For my capstone project for the UW Master of Human-Computer Interaction and Design (MHCI+D) program, advised by Vulcan, my team found that employees who are Deaf and hard of hearing adapt to their hearing co-workers’ unconscious habits and expectations, which often goes unnoticed and unreciprocated. We designed an app to help facilitate these informal conversations by encouraging visual forms of communication and promoting inclusive habits.
Blind-Accessible Tower Defense Prototype
I developed this prototype to show how a tower defense game can be played using only sound. It portrays important gameplay information though a balance of iconic sounds and text-to-speech. It also has stereo panning, a soundtrack that does not muddle the mix, and keyboard-accessible controls that are easy to memorize.
Let’s Talk about Blind Accessibility
In this talk for the NYC Game Audio meetup in 2019, I speak about the history of screen readers and respond to the audience’s interesting perspectives (a short version is here). Since this talk, I have had formal training in research and design, and though I would do things differently (i.e. keeping one or two thoughts per slide), the message is the same: accessibility makes technology better for everyone–and if we have blind-accessible solutions for books, film and websites, then why not games?
Interacting with Sound: Creating Accessible, Engaging Gameplay
This presentation for the Montreal International Gaming Summit (MIGS) in 2018 focuses on the current state of blind accessibility. I speak about developing personas, which I know are now unfashionable, but I think they help us express stories from interview participants while protecting their identities. I also continue to break down the role of information in game audio.
Game Audio: Beyond Aesthetics
This talk for GameSoundCon 2017 was unfortunately not recorded, but it began my personal expedition into UX design, UI heuristics, semiotics, and memory. I explored how sound design can value gameplay information as much as aesthetics to support blind accessibility and help all players learn more efficiently. Now, years later, it is wonderful to see how The Last of Us Part II has masterfully implemented these goals.
Breaking the Sound Barrier: How Game Audio Can Improve Accessibility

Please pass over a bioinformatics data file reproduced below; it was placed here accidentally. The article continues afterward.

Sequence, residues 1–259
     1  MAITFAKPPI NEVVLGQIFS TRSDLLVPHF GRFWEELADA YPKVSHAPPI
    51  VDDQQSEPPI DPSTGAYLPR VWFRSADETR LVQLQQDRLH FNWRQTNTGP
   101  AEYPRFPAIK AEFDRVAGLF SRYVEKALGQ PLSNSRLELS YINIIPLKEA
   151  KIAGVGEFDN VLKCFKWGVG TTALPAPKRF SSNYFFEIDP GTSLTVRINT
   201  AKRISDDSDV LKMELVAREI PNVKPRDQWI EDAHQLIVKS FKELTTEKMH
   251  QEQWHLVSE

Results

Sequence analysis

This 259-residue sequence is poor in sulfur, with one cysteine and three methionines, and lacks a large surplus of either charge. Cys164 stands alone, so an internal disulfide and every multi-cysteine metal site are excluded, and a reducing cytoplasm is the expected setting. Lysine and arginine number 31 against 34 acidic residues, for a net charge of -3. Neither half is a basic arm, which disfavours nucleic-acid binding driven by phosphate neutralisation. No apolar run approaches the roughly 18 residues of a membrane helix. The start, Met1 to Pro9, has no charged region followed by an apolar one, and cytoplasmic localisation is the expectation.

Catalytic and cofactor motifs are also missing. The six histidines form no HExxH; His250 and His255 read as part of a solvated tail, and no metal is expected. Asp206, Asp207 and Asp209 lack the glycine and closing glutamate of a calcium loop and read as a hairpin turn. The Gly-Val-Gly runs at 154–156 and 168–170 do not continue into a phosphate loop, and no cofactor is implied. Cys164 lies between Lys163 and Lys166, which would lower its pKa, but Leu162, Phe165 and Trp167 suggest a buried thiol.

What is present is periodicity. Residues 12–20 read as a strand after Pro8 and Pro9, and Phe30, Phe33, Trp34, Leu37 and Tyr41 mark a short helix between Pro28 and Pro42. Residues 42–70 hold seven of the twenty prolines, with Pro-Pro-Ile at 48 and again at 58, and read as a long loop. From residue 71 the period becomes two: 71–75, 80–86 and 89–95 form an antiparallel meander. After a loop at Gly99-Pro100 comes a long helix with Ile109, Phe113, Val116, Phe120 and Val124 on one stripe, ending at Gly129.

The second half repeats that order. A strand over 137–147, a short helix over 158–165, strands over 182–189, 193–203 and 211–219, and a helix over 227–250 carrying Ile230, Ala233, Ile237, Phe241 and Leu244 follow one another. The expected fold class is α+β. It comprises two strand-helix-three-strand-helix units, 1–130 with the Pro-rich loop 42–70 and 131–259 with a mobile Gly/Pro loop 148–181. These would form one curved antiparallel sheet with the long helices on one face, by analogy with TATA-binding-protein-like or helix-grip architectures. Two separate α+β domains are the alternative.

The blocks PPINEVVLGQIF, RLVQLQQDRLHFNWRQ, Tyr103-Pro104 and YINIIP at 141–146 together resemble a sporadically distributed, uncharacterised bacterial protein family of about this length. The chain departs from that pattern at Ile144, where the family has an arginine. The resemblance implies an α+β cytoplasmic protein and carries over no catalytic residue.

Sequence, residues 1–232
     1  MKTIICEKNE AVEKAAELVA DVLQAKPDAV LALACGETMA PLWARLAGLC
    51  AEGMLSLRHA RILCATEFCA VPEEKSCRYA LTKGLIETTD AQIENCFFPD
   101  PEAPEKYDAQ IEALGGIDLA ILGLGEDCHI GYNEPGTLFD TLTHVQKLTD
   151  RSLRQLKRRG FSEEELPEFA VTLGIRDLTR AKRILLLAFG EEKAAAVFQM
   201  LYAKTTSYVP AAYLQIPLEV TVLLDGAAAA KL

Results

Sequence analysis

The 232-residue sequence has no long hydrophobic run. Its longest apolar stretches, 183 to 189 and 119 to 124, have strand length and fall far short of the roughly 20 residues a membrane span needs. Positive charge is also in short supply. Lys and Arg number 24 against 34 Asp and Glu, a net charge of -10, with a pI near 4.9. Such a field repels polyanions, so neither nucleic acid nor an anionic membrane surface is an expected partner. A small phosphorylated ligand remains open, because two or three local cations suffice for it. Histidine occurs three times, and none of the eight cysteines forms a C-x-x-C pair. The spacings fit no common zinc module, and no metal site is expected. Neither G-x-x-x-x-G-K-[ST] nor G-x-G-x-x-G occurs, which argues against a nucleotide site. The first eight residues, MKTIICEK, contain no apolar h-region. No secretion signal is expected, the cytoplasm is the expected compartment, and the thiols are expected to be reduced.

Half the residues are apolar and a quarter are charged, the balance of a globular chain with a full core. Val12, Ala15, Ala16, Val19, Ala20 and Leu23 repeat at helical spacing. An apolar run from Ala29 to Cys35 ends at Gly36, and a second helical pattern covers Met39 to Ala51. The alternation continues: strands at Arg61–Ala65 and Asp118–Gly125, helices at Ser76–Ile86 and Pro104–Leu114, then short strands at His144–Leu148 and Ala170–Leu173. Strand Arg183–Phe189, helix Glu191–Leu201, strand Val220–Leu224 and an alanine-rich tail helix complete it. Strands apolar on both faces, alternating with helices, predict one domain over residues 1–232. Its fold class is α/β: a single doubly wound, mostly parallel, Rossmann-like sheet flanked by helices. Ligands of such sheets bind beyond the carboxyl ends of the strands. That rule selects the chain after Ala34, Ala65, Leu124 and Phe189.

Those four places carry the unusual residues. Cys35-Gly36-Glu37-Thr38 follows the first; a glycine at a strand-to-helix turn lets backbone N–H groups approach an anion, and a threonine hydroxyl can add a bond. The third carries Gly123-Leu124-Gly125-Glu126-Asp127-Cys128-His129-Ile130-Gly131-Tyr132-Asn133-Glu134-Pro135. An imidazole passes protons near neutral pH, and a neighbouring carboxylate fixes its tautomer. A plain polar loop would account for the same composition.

For my first talk at GAconf 2017, I introduce the communities that benefit from blind accessibility and sound design and game mechanics that can inspire us for developing new techniques in accessibility.
GAconf celebrates GAAD
Global Accessibility Awareness Day 2020, the Game Accessibility Conference leadership team invited past GAconf speakers to answer one question: “What does accessibility mean to you?”
A Hero’s Call
A Hero’s Call is an audio-only role-playing game by Out of Sight Games, founded by blind developers Joseph Bein and Ian Reed and sighted sound designer Drew Becker. I supported their team as a dialogue editor for 40 of the game’s characters to create a consistent audio experience. You can read more about the game’s development in my interview with Drew Becker and Polygamer’s interview with Joseph Bein.
Frequency Missing is a point-and-click adventure game for Android and iOS by Per Anders Östblad and Henrik Engström from The University of Skövde. This game has no accessibility options, rather it appeals to blind and sighted players alike with in-world audio description and cues. For the English translation, I edited and helped localize the dialogue and connected the team with producer Michael Schwalbe. You can learn more about the game in my interview with Per Anders and his presentation at GDC.
Blind Accessibility—Step One: Get to know your players
I wrote this piece for the Audiokinetic Blog to inform game audio designers about blind game accessibility consultants they should know and the new updates to the Communications and Video Accessibility Act (CVAA), which created an enacted a new role for text-to-speech in games.
Why Now is the Time to Create Accessible Video Games
Tanya Chopp from Voices.com interviewed me about how sound design can help make games more blind accessible.
“Now is the time to open the door for those of all abilities to experience and enjoy gaming.”
The Next Wave of Games Don’t Need Screens
Joseph Knoop from Vice Waypoint interviewed Earplay, a past client of mine, about audio-only games and asked me to share my thoughts about blind accessibility in games.
“Rather than … bringing in more blind gamers, I see it as bringing in more sighted players to blind-accessible games.”
Joe Steinkamp of the Blind Bargains Podcast spoke to me and Ian Hamilton about the state of blind-accessible video games during CSUN 2016.